#6: Call Me Burroughs LP

“#6 – Call Me Burroughs LP – The English Bookshop (1965). An Installment in Jed Birmingham’s series of the The Top 23 Most Interesting Burroughs Collectibles. Your finger runs along a series of spines searching for a hot track. Ah, there is one. You pull out the sleeve. A few taps. Lift the arm. Drop the needle. The snap, crackle and pop, this hiss are a prelude; there is an air of anticipation. Then you slump back as the warm sound that can only come from vinyl washes over your entire body and soul. The lives of vinyl junkies are full of ritual. Like with Bukowski collectors, I am envious of those deeply into music.  I have a friend who is a major Beach Boys collector specializing in the band’s formative years. He has been chasing those good vibrations for decades. His collection formed the basis for an obsessive and exhaustively researched book on the topic. I find that his level of obsession is not unusual among those drawn to the siren song of popular music, be it 78 collectors, Beatlemaniacs, Dylanologists, or punk enthusiasts. I just finished reading The Dylanologists, a book about those who worship at the Church of Bob. Dylan was no sub-genius and his legions of followers (usually dudes) are fucking touched alright. Hey, I realize I am a Burroughsian and may be perceived as over the top, but these guys are downright insane. That is how it is with obsessives, you always compare yourself to the other guy and you never consider yourself ‘that guy.’ You always assure yourself that your personal quirks are normal. At least you are not a weirdo. That said I am extremely envious of ‘that guy’ and his dedication, drive, and passion. There are those who build a life with and around collecting. They archive to survive. Then there are those who have burnt out in their efforts to prevent history from fading away. Preservation leading to self-destruction. Like many, I am fascinated by the cult of 27: Brian Jones, Jim Morrison, Jimi Hendrix, Janis Joplin, and Kurt Cobain. Not surprisingly I find the self-destructive aspects of collecting darkly seductive. Hording is alluring. Like a car crash. I am not a vinyl junkie. Of course, I have a small collection of vinyl. … I have a friend who is a vinyl dealer and he had some Burroughs LPs: ‘Jed, you interested? Wanna taste?” Why the hell not? Wouldn’t you? What harm could it do? Everybody else does it, why shouldn’t I? This led to collecting spoken word albums generally.’ …”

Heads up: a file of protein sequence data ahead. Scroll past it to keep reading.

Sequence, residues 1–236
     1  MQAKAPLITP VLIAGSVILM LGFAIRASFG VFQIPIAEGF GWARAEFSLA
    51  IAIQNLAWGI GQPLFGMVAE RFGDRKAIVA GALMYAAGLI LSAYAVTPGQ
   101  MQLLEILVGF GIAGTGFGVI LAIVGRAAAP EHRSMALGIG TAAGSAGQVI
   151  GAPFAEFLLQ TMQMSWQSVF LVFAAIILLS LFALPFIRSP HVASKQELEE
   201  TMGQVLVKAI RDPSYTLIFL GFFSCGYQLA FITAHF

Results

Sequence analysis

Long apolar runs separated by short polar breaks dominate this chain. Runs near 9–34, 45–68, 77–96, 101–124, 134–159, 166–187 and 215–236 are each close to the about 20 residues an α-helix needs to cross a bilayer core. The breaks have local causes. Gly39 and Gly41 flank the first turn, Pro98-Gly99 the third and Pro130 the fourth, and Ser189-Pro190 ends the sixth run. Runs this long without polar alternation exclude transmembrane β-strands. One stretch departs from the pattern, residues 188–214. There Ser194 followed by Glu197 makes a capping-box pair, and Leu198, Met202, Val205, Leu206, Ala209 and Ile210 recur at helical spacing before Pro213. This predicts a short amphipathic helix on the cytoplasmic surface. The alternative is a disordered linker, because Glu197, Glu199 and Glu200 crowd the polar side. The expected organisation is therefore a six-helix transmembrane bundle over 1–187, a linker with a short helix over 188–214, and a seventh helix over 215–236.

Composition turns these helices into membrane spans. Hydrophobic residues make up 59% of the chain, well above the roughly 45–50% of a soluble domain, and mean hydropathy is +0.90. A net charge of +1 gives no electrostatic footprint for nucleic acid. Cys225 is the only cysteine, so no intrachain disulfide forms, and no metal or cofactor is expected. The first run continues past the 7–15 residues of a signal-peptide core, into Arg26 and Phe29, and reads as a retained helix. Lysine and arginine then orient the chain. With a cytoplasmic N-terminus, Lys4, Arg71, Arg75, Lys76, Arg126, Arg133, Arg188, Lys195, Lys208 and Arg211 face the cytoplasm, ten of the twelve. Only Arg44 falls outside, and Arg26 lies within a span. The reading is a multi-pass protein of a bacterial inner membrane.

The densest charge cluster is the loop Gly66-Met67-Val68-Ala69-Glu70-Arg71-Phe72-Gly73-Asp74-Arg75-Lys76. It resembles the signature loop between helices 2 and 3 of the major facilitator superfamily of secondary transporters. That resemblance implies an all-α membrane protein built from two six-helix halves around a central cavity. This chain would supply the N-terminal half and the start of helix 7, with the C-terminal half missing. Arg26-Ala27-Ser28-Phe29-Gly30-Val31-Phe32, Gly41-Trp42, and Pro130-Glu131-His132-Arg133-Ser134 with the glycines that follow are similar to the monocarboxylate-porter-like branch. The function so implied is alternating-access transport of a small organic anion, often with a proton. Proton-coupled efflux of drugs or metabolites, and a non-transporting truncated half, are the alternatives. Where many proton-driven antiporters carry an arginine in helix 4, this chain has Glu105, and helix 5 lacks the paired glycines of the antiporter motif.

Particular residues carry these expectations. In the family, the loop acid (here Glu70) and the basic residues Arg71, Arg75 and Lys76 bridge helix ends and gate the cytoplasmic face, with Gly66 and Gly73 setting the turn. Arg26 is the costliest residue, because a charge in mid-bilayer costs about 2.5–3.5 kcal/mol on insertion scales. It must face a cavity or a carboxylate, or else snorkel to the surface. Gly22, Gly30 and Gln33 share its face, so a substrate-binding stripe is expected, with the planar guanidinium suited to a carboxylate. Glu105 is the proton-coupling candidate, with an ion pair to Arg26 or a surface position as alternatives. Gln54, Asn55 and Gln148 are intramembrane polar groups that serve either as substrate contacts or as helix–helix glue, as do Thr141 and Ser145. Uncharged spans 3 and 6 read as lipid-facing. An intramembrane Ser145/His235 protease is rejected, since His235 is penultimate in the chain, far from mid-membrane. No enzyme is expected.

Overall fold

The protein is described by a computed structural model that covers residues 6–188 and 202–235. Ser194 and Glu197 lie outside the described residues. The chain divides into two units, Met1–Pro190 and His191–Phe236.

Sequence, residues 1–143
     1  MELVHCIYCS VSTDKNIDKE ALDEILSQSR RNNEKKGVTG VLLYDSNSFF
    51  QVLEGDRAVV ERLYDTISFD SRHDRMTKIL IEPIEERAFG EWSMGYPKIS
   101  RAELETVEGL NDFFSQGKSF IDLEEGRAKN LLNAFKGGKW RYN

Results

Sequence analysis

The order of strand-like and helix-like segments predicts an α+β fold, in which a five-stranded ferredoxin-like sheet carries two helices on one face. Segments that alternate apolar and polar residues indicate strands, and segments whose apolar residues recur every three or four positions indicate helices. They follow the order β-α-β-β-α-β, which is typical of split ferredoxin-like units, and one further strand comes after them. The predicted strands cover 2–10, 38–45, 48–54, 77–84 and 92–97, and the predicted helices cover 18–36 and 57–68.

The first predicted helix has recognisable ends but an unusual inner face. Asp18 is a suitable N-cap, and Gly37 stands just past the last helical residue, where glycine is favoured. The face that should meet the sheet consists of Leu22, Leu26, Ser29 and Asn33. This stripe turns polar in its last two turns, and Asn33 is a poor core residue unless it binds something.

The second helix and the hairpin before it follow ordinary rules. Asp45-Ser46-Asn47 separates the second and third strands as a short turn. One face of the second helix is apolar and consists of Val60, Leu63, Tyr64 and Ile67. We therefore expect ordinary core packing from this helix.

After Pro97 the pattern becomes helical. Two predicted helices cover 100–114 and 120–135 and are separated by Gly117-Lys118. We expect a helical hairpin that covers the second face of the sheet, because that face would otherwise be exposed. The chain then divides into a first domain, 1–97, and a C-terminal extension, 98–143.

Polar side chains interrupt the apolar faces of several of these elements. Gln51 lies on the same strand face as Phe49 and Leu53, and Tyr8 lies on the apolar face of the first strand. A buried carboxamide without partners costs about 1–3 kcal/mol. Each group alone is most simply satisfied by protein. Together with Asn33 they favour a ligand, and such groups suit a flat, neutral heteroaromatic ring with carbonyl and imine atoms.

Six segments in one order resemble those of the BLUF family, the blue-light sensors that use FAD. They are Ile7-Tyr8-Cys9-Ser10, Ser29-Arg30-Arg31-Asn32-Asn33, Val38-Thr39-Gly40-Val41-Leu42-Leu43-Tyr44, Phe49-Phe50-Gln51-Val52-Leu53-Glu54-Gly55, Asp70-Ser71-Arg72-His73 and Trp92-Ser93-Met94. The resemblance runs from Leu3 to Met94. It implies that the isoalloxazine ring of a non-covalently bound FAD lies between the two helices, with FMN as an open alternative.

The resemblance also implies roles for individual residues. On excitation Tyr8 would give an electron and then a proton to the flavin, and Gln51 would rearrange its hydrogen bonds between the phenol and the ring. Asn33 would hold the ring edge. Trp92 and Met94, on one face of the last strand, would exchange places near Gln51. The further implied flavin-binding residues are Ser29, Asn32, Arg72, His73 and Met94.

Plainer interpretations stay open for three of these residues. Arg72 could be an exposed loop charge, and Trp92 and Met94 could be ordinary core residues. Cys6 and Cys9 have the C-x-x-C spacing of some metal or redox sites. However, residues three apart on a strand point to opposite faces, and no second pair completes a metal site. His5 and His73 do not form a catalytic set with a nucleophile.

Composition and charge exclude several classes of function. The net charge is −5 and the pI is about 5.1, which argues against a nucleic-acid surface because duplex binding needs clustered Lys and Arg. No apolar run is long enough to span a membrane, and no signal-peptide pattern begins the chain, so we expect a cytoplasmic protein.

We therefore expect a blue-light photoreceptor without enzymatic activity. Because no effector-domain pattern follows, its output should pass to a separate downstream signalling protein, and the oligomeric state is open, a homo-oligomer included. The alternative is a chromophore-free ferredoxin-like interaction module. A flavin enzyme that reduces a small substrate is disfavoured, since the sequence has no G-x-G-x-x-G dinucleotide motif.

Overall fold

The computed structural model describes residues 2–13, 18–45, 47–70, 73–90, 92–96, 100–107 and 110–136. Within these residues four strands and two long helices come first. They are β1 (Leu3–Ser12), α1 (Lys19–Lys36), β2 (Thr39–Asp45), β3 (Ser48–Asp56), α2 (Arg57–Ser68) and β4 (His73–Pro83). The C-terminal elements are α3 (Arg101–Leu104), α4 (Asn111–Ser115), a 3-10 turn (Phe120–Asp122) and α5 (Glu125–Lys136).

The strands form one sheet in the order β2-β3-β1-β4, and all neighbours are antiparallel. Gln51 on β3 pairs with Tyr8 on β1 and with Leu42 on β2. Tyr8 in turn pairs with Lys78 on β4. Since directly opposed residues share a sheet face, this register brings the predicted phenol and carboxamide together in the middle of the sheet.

William S. Burroughs and the Cult of Rock ‘n’ Roll
Graded on a Curve: William S. Burroughs, Call Me Burroughs
W – Call Me Burroughs
YouTube: Call Me Burroughs :: Bradley The Buyer, Mr Bradley Mr Martin Hear Us Through The Hole In Thin Air, Inflexible Authority, Thing Police Keep All Boardroom Reports, The Fish Poison Con, Uranian Willy

Ken Lopez Bookseller

About 1960s: Days of Rage

Bill Davis - 1960s: Days of Rage
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